“It depends very much on what songs I’m working on and whether I have any choir rehearsals or concerts coming up. In general, that dictates the focus of my practise sessions. My actual schedule depends on the amount of time I have before a deadline but includes the following:

  • Listening repeatedly to recordings until l can hear whole form (melody, chord changes, bass lines and other instrumental parts) in my head
  • Writing out the lyrics, noting rhymes, visual imagery and the story of the song
  • Noting where rhymes and repeated musical phrases coincide
  • Singing through the song (vocally or in my imagination) focusing on telling the story
  • Technical work also related to songs I’m working on (eg. phrases on long breaths, interval shifts like semitones or octave jumps, singing across break or at upper or lower parts of my range, articulating words in quiet passages).
  • Spending most time working on the things I find difficult to do in the song or songs I’m working on
  • Using time travelling time do a lot of active listening

“I’ve also found that my general physical and psychological health (e.g. posture, core strength, stress, performance anxiety) also affects my singing. Working on my physical health over time has made a big difference.”

[As for me, Annie, I am going to pin that list on my wall and aim try to incorporate as much as I can into my practice sessions.]

Marcia is also well-known for the lyrics she writes, including vocalise, to  jazz instrumentalists’ tunes.  She is working on music by Wayne Shorter now, and will be giving a concert honouring him on October 22 at Battersea Barge.

Asked to name her favourite singers, she replied:“There are too many singers to mention! Today’s list would include classics, Ella Fitzgerald, Sarah Vaughan, Betty Carter, Carmen McCrae; among contemporary US singers,  Dianne Reeves, Dee Dee Bridgewater, Cassandra Wilson, Rene Marie, Gretchen Parlato; and here in the UK, Anita Wardell, Brigitte Beraha, and Mishka Adams among others.” But, she added:

“It’s important for me to listen to singers who aren’t necessarily categorised as jazz singers but who have a  great voice, a distinctive sound, who are good story tellers and communicators, with or without words, and great performers. For example (in no order): Carleen Anderson, Rachelle Ferelle, Chaka Khan, Nina Simone, Stevie Wonder, Kate Bush, Bjork, Nao, Alyusha, Amy Leon, Nai Palm, Skin, Bobby McFerrin, Randolph Matthews, and Ian Bostridge. I don’t aspire to sound like all these people (or the singers I previously mentioned), I admire what they do.”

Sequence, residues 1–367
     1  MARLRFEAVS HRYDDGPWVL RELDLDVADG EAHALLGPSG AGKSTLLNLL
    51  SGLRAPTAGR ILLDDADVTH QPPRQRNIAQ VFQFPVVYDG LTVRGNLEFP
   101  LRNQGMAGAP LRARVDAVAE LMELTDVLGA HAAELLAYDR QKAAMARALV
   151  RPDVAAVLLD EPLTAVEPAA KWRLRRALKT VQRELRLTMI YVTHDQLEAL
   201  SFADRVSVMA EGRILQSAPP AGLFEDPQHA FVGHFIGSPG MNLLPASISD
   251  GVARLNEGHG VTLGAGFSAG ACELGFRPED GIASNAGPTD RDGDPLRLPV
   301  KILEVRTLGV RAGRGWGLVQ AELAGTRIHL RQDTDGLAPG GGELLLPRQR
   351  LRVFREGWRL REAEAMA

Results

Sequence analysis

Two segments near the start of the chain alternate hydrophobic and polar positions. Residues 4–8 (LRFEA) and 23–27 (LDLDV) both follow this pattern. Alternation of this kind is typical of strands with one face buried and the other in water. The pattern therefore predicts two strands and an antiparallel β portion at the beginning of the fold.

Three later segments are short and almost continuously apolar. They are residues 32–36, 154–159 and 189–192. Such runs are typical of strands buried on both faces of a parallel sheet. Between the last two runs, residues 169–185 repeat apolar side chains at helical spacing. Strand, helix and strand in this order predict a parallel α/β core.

I asked her how she would describe her singing style:

“ I find that hard to pin down but I think I’d say it’s rooted in the jazz tradition and that you can hear the influence of some of the singers and instrumentalists I like in my singing. I have recently been described by others as sounding like Nina Simone,  and Cassandra Wilson”.

As the afternoon began turning into what looked like rush hour, I asked Marcia what’s up next:

  1. More basic technique work focused on preparing for a gig of Wayne Shorter songs in October.
  2. Taking more opportunities to sing and improvise with instrumentalists and other singers.
  3. Definitely more exploration of theory and learning to play the guitar.


Before we parted at the Belsize Park Tube, Marcia left me with three important points she wanted to say to us all:

“I think it’s important to have a sense of why you want to sing and why you want to sing a particular song. Also remember that singing and performing are separate skills and both need work.”

“Don’t forget to listen to instrumentalists and bands without singers. It will broaden your enjoyment and understanding of jazz (and other genres of music) and that will inform your singing.”

Don’t lose your love of music.